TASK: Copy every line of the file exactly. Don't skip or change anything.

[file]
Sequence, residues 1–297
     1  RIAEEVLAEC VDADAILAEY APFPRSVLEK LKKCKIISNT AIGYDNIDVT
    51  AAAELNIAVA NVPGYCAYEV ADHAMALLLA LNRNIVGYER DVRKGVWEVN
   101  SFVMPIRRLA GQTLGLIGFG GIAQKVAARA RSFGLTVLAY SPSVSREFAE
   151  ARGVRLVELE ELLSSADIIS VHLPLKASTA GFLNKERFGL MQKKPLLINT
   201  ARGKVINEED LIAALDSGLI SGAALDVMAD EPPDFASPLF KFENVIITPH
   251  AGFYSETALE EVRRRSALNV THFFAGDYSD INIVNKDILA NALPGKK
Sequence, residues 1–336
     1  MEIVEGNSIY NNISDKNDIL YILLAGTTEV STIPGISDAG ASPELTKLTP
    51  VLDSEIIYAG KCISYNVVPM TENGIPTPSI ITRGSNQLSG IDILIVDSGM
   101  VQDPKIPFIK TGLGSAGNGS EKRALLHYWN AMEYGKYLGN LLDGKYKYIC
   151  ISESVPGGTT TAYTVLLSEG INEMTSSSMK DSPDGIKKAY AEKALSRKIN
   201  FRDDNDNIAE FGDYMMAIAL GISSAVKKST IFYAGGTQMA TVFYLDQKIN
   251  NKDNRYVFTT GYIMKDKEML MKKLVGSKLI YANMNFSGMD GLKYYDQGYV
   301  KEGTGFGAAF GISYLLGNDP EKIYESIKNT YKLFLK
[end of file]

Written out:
Sequence, residues 1–297
     1  RIAEEVLAEC VDADAILAEY APFPRSVLEK LKKCKIISNT AIGYDNIDVT
    51  AAAELNIAVA NVPGYCAYEV ADHAMALLLA LNRNIVGYER DVRKGVWEVN
   101  SFVMPIRRLA GQTLGLIGFG GIAQKVAARA RSFGLTVLAY SPSVSREFAE
   151  ARGVRLVELE ELLSSADIIS VHLPLKASTA GFLNKERFGL MQKKPLLINT
   201  ARGKVINEED LIAALDSGLI SGAALDVMAD EPPDFASPLF KFENVIITPH
   251  AGFYSETALE EVRRRSALNV THFFAGDYSD INIVNKDILA NALPGKK
Sequence, residues 1–336
     1  MEIVEGNSIY NNISDKNDIL YILLAGTTEV STIPGISDAG ASPELTKLTP
    51  VLDSEIIYAG KCISYNVVPM TENGIPTPSI ITRGSNQLSG IDILIVDSGM
   101  VQDPKIPFIK TGLGSAGNGS EKRALLHYWN AMEYGKYLGN LLDGKYKYIC
   151  ISESVPGGTT TAYTVLLSEG INEMTSSSMK DSPDGIKKAY AEKALSRKIN
   201  FRDDNDNIAE FGDYMMAIAL GISSAVKKST IFYAGGTQMA TVFYLDQKIN
   251  NKDNRYVFTT GYIMKDKEML MKKLVGSKLI YANMNFSGMD GLKYYDQGYV
   301  KEGTGFGAAF GISYLLGNDP EKIYESIKNT YKLFLK